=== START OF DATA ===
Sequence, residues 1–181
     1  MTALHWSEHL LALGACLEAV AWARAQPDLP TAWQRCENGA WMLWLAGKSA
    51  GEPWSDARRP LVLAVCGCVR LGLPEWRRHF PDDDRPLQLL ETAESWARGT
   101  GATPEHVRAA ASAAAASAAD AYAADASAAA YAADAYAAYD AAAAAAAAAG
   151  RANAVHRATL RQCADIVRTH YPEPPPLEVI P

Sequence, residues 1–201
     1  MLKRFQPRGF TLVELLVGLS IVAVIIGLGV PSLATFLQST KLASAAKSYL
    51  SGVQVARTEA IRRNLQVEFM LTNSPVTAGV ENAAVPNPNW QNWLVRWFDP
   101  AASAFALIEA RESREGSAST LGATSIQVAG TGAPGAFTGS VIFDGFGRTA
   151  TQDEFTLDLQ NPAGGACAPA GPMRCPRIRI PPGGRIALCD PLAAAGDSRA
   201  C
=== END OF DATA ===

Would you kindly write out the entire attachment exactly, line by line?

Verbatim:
Sequence, residues 1–181
     1  MTALHWSEHL LALGACLEAV AWARAQPDLP TAWQRCENGA WMLWLAGKSA
    51  GEPWSDARRP LVLAVCGCVR LGLPEWRRHF PDDDRPLQLL ETAESWARGT
   101  GATPEHVRAA ASAAAASAAD AYAADASAAA YAADAYAAYD AAAAAAAAAG
   151  RANAVHRATL RQCADIVRTH YPEPPPLEVI P

Sequence, residues 1–201
     1  MLKRFQPRGF TLVELLVGLS IVAVIIGLGV PSLATFLQST KLASAAKSYL
    51  SGVQVARTEA IRRNLQVEFM LTNSPVTAGV ENAAVPNPNW QNWLVRWFDP
   101  AASAFALIEA RESREGSAST LGATSIQVAG TGAPGAFTGS VIFDGFGRTA
   151  TQDEFTLDLQ NPAGGACAPA GPMRCPRIRI PPGGRIALCD PLAAAGDSRA
   201  C